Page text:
By Tris Dixon
Nice guys don’t always finish last, but neither do the bad guys.
Anthony Crolla and Ricky Burns shared 12 quality rounds in Manchester on Saturday, in a bout that will be remembered for the spirit in which it was conducted before, during and after.
It was a competitive battle, though the early lead Crolla amassed meant you never needed to watch it from the edge of the seat or through your fingers.
The boxing was classy, so was the behaviour.
The fighters had bumped into one another the day before. No hostilities were exchanged. No tables we overturned. They just took a picture together.
Of course, the purists loved it but had there been needle and a genuine grudge you could have made a case that the fight would have wound up on pay-per-view, or part of a box office card.
Hate sells. We have seen that time and again.
It shouldn’t. Certainly not always, but grudges have a hook that lure in unsuspecting casual fans who believe the amount of hatred one man has for the other will definitely, without fail, be translated into the amount of violence that is witnessed in the ring.
But much of what sets boxing apart from other sports is the people; the fighters.
There are good and there are bad.
The late Jake LaMotta, fondly remembered by so many, was a bad hombre. He mellowed, to an extent, over the years, but never fully, certainly not to the point where you’d place him in the civilised and friendly bracket you would cast Crolla and Burns.
He was from a different era, yes, but like the British duo he wanted to face the best. And he certainly wasn’t all bad.
Many years ago, before I’d raised a pen in anger to write about boxing, I saw LaMotta at the International Boxing Hall of Fame in Canastota in upstate New York. This was around the turn of the century.
LaMotta was on his own and a superstar to a kid like me, despite the transgressions that had made him notorious around the globe.
Knowing then that he did not give something for nothing and that he could be surly with fans, I asked meekly if I could take his picture.
“Don’t you want to be in it, kid?” he asked.
“I guess,” I shyly replied, letting him know it wasn’t a deal-breaker. He then asked some bystanders if they would take our photo.
He even half-smiled for it.
This could not have been the same LaMotta, surely.
Well, a few years went by and by this time I was working as a journalist. While in New York, I visited Jose Torres and spent the morning with him in his apartment and then called Jake to arrange an interview.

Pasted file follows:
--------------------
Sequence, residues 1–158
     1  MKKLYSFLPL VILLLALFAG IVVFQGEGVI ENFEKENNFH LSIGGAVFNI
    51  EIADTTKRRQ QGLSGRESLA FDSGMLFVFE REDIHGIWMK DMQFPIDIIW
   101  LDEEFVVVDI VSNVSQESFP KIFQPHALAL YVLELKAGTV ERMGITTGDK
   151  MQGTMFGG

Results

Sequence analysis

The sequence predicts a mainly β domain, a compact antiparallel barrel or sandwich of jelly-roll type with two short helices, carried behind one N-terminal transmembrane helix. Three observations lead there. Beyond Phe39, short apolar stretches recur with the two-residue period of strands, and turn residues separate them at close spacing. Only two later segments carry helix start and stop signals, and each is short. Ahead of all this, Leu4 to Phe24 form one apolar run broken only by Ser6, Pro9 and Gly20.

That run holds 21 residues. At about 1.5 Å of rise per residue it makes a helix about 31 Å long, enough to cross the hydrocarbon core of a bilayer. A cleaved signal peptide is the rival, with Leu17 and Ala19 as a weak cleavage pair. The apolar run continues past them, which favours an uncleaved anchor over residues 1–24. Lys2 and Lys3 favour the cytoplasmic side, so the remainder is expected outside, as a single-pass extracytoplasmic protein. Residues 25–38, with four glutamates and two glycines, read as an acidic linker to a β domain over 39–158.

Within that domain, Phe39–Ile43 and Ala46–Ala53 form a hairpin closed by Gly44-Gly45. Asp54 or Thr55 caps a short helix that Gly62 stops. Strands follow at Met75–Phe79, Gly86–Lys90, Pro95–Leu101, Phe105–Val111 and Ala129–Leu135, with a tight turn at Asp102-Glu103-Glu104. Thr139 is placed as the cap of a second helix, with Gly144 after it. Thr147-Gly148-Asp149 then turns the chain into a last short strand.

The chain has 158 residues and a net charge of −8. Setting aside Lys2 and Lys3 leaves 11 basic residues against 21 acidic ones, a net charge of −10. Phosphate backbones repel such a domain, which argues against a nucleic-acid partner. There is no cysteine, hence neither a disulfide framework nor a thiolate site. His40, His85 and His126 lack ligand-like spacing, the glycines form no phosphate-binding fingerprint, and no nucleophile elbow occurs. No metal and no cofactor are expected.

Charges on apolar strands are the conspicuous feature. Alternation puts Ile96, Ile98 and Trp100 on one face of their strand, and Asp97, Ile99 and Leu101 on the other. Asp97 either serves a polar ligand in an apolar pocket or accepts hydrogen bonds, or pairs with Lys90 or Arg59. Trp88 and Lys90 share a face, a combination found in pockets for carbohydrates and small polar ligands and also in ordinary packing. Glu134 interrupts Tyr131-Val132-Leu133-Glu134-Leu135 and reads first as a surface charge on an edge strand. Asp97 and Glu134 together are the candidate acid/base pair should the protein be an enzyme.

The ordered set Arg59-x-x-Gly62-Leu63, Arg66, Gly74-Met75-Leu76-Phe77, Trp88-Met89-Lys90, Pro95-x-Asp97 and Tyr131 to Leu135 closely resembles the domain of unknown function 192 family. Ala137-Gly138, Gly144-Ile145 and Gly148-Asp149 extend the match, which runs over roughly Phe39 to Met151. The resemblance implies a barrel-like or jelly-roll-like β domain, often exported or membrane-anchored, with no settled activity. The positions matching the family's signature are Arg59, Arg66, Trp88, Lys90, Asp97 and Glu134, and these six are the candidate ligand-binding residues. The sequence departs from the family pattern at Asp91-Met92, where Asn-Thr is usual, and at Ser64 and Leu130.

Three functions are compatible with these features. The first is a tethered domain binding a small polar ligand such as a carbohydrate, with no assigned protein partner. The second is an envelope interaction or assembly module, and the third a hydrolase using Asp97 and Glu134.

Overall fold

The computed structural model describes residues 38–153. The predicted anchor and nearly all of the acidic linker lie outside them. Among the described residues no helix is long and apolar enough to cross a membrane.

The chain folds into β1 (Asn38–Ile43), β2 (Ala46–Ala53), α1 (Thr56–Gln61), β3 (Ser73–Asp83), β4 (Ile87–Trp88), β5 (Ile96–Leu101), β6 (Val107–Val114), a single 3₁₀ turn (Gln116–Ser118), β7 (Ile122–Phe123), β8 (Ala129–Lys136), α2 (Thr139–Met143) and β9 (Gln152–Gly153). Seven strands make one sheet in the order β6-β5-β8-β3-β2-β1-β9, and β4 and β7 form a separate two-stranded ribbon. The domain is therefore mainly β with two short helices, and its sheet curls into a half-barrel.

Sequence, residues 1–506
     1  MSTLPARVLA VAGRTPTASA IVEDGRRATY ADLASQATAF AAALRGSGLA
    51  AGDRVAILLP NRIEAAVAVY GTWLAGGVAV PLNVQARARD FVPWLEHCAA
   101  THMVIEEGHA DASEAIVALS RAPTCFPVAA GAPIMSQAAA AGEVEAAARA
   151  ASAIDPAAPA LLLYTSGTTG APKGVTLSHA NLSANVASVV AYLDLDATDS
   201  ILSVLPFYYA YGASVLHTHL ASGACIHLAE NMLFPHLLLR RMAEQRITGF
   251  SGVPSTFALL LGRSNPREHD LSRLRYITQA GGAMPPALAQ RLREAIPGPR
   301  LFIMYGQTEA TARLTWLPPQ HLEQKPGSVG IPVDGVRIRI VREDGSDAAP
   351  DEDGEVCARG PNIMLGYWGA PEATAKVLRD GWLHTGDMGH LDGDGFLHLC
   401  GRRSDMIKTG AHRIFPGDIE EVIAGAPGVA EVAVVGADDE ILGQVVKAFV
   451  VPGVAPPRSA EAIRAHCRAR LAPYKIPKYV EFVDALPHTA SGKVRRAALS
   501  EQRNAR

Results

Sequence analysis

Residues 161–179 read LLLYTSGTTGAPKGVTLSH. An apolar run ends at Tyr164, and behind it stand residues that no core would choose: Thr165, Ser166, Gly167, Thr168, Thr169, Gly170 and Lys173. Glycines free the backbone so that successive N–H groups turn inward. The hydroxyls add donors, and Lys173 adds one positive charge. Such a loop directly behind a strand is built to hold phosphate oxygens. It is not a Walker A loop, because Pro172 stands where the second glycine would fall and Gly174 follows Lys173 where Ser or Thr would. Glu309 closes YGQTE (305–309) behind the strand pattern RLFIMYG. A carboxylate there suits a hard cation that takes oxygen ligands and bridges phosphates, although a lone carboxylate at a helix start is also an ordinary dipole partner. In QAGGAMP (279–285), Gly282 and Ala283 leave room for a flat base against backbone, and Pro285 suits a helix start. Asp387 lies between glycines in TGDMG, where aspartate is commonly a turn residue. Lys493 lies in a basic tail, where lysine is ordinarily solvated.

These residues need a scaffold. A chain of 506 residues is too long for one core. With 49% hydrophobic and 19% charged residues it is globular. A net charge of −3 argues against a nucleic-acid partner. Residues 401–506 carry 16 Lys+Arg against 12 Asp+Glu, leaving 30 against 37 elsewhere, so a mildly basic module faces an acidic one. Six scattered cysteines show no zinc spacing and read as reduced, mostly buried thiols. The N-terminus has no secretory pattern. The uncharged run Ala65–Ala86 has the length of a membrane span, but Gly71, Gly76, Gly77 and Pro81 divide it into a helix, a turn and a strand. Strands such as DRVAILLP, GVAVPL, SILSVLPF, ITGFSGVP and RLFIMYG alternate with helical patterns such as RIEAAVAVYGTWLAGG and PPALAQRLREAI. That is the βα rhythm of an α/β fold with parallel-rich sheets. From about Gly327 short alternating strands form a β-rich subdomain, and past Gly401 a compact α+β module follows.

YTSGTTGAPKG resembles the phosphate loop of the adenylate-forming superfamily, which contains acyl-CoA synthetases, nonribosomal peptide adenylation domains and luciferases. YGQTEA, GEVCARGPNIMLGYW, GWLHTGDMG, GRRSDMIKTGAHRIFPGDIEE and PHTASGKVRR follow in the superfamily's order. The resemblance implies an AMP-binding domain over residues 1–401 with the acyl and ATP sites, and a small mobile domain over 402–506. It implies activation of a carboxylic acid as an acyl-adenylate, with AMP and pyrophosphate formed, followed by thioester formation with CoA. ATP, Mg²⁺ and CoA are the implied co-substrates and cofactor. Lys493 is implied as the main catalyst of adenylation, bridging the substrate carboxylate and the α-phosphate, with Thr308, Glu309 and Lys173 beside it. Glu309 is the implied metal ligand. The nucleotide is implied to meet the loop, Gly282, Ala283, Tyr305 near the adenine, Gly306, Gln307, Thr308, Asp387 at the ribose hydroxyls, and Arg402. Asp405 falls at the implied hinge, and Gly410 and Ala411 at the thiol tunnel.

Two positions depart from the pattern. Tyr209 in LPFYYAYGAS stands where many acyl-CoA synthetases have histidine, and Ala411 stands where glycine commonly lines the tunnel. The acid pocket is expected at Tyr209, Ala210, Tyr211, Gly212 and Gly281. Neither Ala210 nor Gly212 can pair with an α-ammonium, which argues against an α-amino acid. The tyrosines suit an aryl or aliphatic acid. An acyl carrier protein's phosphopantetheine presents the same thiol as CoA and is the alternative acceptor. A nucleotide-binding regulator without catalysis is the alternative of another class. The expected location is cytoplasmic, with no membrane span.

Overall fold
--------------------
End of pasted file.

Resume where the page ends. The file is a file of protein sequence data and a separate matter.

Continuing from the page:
I had fond memories of him from Canastota, you’ll understand. And I also recalled that being broke, having very little to offer and not asking for too much brought out a compassionate side.
He picked up the phone.
I did not say that we had met a few years earlier, just that I was a boxing writer from England and I was in town - actually very close to his apartment, which I didn’t add - and would he be free to do an interview.
“How much money you got, kid,” he asked this time.
“Well, jeez Mr LaMotta. I don’t have much money.”
“Kid, if you ain’t got the money, you ain’t got the money.”
The dial tone clicked. The line was dead. Jake was gone.
I suppose I had been on the boxing beat for about three or four years at this point and it wasn’t the first time I had been asked for money.
Previously, and there was certainly more than one occasion with several fighters, Hall of Fame writer Nigel Collins commissioned me to write an interview for The Ring with Terry Downes, the Englishman who died last week - just a few short weeks after LaMotta.
I phoned Terry ahead of time and arranged to meet him at his house. As I approached his address that day, I called to double check we were still on and he responded positively, with a fee that required payment.
I can’t recall what it was, probably more than I stood to make, but regardless of that, when Downes saw the heap of a car I pulled up in he realised there was not much money in the pot!
He invited me in, though, and we must have spent the best part of two hours together. We stayed in touch for a while afterwards, too.
Downes was affectionately remembered by those who knew him well. But to those who did not know him he could come across as cynical, rude and hard to get on with.
Again, like LaMotta, he was from a bygone era.
Role models were different then. And let’s not forget, role models are required to show qualities that do not just reflect a kindness and generosity of spirit.
They have to demonstrate ambition, desire, heart, fortitude and courage. We want them to be winners and Crolla, Burns, LaMotta and Downes were all winners. They were all champions.
However you like your role models, you can take the worst of anybody and make them a villain or an anti-hero.
But even if there are flaws you can borrow from their best qualities.
Scratch the surface with any prizefighter and you will be able to find some.
Look for good and you will locate it. Seek out faults and they will be there.
Whether you class them as a good guy, a nice guy or a bad guy it doesn’t matter.
To quote Proximo in Gladiator, “We are all dead men.”